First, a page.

Miss You Already

Miss You Already

Posted on November 5, 2015 at 5:22 pm

Lowest Recommended Age: Mature High Schooler
Profanity: Very strong and crude language
Alcohol/ Drugs: Drinking, drug references
Violence/ Scariness: Serious illness, sad death, some graphic and disturbing images
Diversity Issues: None
Date Released to Theaters: November 6, 2015

Copyright Lionsgate 2015
Copyright Lionsgate 2015
Friendship has the best aspects of romantic love and the best of family love, and the worst of both as well. Your friends as are close to you as anyone in the world, which means you can rely on them and they can rely on you, whether it’s telling you if your butt looks too fat in those jeans or you need someone to come pick you up because a date has gone horribly wrong. And it means that they can hurt you terribly, because they mean so much to you and because you trust them and because they know you so well.

And yet, while there are hundreds of thousands of movies about love and family, there are not very many great movies about friendship. “Miss You Already,” from director Catherine Hardwicke, is a worthy attempt, the story of two women who were friends since childhood, and whose friendship is nearly destroyed by the complications of grown-up life. Though it appears only once in the film, the title refers to a catchphrase the two women use to say goodbye, making fun of themselves for being so deeply in one another’s lives, but really meaning it, too.

Drew Barrymore plays Jess, an American living in England and the more serious and responsible of the pair. Toni Collette is Milly, the wild party girl who improbably is living happily ever after with Kit (Dominic Cooper), the roadie who got her pregnant and then married her, started a successful business, and turned out to be a wonderful husband and father. They have darling children, a beautiful home, and satisfying careers and they are still mad for each other. Jess is happily married to Jago (Paddy Considine), though they do not have any money and are struggling with fertility problems. But they live on an adorable houseboat. It is one of the movie’s wisest choices that the husbands are not complaining (most of the time) or complained about. They are full partners to their wives and full partners in supporting the friendship.

Milly has always lived lightly, skimming along the top of life, still a party girl at heart. She loves her husband, children, and Jess, but she is admittedly superficial and vain. And then she gets a cancer diagnosis. Jess is happy to live up to the assigned tasks of “bringing treats and not being annoying” to help Milly through chemotherapy. And wig shopping (with the wonderful Frances de la Tour). And changing dressings. But she believes that Milly’s illness is so all-consuming that she cannot share what is going on in her life. And then Milly does something that creates the first serious breach in their relationship.

Yes, we’re in “Beaches” territory, so get out your handkerchiefs. Drew and Collette make a touching screen team, and Jacqueline Bisset, almost unrecognizable with platinum blonde hair, is a welcome antidote to over-sentimentality as Milly’s self-absorbed mother, a moderately successful actress. Hardwicke, who began her career as a production designer, has a superb eye and a great gift for using the settings to tell the story. If she cannot avoid the usual touchstones of women’s friendship movies (singing along to a favorite pop song), at least she changes it up a little — REM in a taxi instead of the usual Motown into a hairbrush. “Miss You Already” will make you want to call a friend you miss, and then bring her along to see it again.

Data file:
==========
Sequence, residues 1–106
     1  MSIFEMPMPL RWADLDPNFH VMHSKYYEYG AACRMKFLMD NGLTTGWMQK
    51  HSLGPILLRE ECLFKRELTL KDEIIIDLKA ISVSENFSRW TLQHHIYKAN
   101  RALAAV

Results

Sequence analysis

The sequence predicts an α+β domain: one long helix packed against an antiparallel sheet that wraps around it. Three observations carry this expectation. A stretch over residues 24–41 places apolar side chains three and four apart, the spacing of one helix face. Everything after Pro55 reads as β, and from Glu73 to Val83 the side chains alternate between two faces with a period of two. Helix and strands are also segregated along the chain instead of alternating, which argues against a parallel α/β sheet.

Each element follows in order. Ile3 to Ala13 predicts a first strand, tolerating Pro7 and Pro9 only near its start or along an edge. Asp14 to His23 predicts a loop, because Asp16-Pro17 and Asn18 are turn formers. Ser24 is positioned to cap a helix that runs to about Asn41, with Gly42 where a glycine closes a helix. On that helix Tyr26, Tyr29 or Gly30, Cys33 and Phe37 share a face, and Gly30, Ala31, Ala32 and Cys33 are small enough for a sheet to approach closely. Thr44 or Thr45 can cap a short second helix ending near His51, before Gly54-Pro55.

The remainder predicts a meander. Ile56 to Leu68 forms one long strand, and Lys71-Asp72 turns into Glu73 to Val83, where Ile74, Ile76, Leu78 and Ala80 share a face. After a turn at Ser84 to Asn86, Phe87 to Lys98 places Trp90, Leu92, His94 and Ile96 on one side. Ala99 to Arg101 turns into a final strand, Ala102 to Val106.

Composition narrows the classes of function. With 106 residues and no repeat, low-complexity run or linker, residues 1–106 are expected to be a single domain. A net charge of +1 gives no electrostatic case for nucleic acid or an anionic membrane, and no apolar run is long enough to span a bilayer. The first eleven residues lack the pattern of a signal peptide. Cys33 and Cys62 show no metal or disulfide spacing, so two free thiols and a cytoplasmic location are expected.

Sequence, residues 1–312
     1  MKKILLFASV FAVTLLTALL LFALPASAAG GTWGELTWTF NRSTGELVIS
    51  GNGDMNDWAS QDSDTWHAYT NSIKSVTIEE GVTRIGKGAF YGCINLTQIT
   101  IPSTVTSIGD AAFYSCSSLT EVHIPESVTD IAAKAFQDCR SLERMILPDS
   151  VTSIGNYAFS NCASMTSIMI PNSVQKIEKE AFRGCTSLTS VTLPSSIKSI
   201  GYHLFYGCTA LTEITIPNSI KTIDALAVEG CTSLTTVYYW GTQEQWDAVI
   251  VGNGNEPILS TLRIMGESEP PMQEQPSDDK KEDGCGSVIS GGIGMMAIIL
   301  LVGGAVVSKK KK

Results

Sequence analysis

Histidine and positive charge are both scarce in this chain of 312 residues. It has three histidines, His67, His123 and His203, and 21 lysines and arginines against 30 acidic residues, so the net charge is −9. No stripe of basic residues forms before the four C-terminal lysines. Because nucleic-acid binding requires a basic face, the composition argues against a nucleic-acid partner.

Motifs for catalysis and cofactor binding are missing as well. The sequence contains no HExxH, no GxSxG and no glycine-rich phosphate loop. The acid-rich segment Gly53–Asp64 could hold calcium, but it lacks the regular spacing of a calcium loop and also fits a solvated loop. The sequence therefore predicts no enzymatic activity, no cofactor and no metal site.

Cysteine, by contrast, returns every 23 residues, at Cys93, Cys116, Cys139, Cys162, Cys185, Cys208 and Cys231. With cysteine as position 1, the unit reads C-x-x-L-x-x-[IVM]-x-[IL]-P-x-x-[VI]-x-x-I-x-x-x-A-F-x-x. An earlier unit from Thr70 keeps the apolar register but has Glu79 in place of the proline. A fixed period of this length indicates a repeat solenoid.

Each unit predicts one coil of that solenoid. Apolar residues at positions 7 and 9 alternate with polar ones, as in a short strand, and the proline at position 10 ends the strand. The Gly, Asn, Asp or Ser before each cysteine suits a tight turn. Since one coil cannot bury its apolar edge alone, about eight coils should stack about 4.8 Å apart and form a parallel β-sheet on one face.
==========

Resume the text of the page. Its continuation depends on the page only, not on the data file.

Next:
Parents should know that this film includes very strong language, sexual references and situations, serious illness with some graphic images, a very sad death, a childbirth scene, alcohol and drug references.

Family discussion: What makes a great friendship? Ask family members about their most important friendships, how they met and their favorite moments.

If you like this, try: “50/50” and “Beaches”

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Why We Love Jimmy Fallon’s Lip Synch Contests: Fallon, Ferrell, and Hart Perform “Drunk in Love,” “Let It Go,” “All of Me” (Plus Drew Barrymore)

Posted on February 4, 2015 at 9:22 am

I always enjoy Jimmy Fallon’s lip synch competitions and this is one of the best, with Will Ferrell performing “Drunk in Love” and ‘Let it Go,” Kevin Hart going all out with “All of Me” and “Roar,” and Fallon rocking out to “Since You’ve Been Gone” and “Time of My Life” (with a guest appearance by Drew Barrymore).  Hart and Ferrell were there to promote their upcoming comedy “Get Hard.”  It is great fun to see stars show themselves as fans.  They have to be more than performers to do these numbers — they have to truly love these songs and listen to them so often they know them inside out.  Apparently, even enormously talented and successful performers are just like the rest of us when it comes to singing into a hairbrush and imagining ourselves rocking an arena like Beyoncé.  I also think part of what makes it fun is the gender and racial fluidity.  No one ever hesitates to take on a song by someone of a different race or gender.  All three men do more than fully commit to performing songs by women; they embrace the opportunity to pretend to hit those notes with pure joy.  Every one of the performers seems to love the chance to do something completely outside his or her normal range or physical type.  Who can forget Emma Stone doing “All I Do is Win,” in my opinion the greatest lip synch yet!